Science and Religion in Meta-Perspective – Part II

Herman J. Pietersen


A meta-theory was developed that brought together implicit premises or world views that constantly re-surface in human thought. Although these elements, which are often referred to in the literature as the result of differences in human ‘temperament’, have long been part of the scholarly activity of humankind, a comprehensive synthesis has been lacking so far. In order to redress this shortcoming, an integrated perspective, supported by scholarly evidence, regarding basic characteristics of making sense of life and world is introduced. As a result four paradigmatic or root intellectual orientations (designated as type I, type II, type III and type IV) have been identified. The theory was found to be applicable across a wide range of thinkers, scholarly disciplines, and cultures. In the current paper (Part II) the theory is applied in terms of the objectivist-empyrean (type I) tendency in S-R, as represented by the ideas of the physicist Ian Barbour, Philip Clayton (philosopher) and of Wentzel van Huyssteen (theologian). A second section focuses on the objectivist-empiricist (type II) inclination as manifested in the work of John Polkinghorne (physicist), Arthur Peacocke (bio-chemist), and Gregory Peterson (theologian).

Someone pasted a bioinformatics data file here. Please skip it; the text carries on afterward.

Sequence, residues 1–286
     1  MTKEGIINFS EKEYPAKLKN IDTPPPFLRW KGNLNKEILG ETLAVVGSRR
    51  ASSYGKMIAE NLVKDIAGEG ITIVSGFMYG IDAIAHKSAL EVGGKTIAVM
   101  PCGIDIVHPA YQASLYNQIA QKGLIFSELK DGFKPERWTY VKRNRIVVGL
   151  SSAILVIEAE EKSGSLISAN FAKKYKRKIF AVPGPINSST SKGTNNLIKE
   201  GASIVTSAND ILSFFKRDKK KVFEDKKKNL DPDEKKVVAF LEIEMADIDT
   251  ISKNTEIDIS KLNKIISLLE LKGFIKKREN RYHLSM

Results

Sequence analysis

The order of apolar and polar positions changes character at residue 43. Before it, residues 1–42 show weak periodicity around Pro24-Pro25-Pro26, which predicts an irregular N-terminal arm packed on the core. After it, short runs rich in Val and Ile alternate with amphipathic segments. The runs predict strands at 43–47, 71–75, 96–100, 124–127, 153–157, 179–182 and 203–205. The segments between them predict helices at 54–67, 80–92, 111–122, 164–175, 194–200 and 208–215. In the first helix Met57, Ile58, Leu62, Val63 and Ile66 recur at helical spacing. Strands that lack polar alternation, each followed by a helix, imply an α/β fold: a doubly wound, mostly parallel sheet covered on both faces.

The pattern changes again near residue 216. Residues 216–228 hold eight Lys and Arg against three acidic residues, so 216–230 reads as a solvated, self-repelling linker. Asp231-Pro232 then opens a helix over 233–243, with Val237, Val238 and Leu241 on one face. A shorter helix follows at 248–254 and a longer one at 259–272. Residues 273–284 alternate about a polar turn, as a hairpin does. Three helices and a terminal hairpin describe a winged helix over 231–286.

DOI: 10.5901/mjss.2014.v5n20p2151

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Mediterranean Journal of Social Sciences ISSN 2039-9340(Print) ISSN 2039-2117(Online)

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